Friday, September 28, 2012

Freak of the Week: "Freakshow" (1995)

The wooden Gunnar Hansen is a freakshow operator who gives a final show for an arrogant teen and his new girlfriend. Hansen trots out his "exhibits," and tells the tale behind each of them, as we are treated to one of the worst horror anthology films of all time. I am dragging out the spoilers for you, because I want you to know what you will be missing:

The first story involves a self involved man who dumps his girlfriend. He brings over some money for an abortion for her, and meets her evil witch sister. The girlfriend has killed herself, but the evil witch sister has delivered the baby anyway. The baby is a hideous monster (or a terrible special effect, neither are effective) that eats the terrified dad...nice, huh?

The second story has a young boy being adopted by some backwoods types who turn out to be werewolves.

The third story takes place in the 1800's, and involves a mummy who is the prized possession of the local eccentric scientist. It is Halloween, and the eccentric scientist brings the mummy to a party to unveil it. The mummy possesses the cute niece of the hostess and she decides to let the young man in the house know she likes him by pulling his organs out while he is still alive.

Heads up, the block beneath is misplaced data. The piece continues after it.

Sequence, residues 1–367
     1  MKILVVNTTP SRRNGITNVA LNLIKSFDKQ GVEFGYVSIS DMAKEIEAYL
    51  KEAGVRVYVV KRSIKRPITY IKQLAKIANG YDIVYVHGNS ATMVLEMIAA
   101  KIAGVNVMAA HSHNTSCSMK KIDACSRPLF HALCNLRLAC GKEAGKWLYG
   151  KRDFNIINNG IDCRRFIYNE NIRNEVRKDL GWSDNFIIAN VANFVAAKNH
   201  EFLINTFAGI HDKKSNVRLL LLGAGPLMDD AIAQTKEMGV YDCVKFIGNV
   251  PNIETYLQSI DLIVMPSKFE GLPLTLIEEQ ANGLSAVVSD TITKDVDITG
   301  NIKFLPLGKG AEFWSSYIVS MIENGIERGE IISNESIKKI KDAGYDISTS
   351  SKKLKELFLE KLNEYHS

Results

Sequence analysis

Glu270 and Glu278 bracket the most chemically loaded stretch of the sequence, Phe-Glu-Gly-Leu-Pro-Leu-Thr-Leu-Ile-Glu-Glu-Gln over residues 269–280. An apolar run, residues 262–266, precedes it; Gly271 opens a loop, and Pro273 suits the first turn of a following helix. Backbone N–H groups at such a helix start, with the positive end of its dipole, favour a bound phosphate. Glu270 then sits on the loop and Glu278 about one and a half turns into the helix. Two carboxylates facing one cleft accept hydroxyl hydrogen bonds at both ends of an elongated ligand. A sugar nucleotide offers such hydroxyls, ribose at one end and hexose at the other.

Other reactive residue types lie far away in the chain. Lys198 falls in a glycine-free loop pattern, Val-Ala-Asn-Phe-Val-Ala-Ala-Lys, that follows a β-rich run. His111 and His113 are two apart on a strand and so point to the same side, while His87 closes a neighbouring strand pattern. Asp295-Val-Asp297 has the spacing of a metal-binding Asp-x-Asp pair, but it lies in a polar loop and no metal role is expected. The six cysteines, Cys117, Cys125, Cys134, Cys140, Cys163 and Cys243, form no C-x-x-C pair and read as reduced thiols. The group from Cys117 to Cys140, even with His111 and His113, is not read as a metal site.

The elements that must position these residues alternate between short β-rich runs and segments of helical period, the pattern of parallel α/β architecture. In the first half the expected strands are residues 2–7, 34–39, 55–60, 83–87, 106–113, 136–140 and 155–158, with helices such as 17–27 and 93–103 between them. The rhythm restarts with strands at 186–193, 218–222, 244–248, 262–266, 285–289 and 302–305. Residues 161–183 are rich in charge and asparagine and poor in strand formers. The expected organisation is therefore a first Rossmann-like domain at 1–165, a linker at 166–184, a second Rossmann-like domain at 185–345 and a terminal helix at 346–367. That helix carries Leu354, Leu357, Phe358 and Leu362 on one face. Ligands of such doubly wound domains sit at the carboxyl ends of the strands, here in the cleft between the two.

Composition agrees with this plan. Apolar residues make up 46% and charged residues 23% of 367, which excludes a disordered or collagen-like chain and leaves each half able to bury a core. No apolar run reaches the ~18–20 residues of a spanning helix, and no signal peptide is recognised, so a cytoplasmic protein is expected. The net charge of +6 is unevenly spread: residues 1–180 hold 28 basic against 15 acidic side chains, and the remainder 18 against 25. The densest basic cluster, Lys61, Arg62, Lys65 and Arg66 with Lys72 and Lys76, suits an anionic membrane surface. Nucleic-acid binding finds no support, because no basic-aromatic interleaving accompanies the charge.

The fourth story is about an ugly carnival freak who pays a grocery delivery guy $10,000 to change bodies with him through black magic. The now rich guy goes on a spending spree, but is killed during the incantation, and must reside in his new hideous form, looking for someone to trade bodies with.

By now, the arrogant teen has been duly unimpressed by the stories and freaks. Same with this reviewer. The final kicker involves his new girlfriend, who is Hansen's daughter...or should I say daughters, since she has her twin sister growing out of her stomach. Cue screaming and fade to black.

When a horror anthology works on film, like "Tales from the Hood," it can be wonderful. When it fails, it can be a chore to sit through. All of the stories here run about ten minutes too long, each. This thing is over an hour and forty five minutes, and it seems twice as long. There is no suspense, and there are better special effects on a 3-D Viewmaster disc. The actors here are what you might consider "local" as everyone either over emotes, or delivers their lines as if seeing them for the first time. I swear in some scenes Hansen was reading his neverending speeches off of cue cards.

There is a cheap air to this that starts with the opening scene and never lets up. Sure, you can be brave and try to sit through this, but consider yourselves warned. "Freakshow" is just that and worse. (*) out of five stars.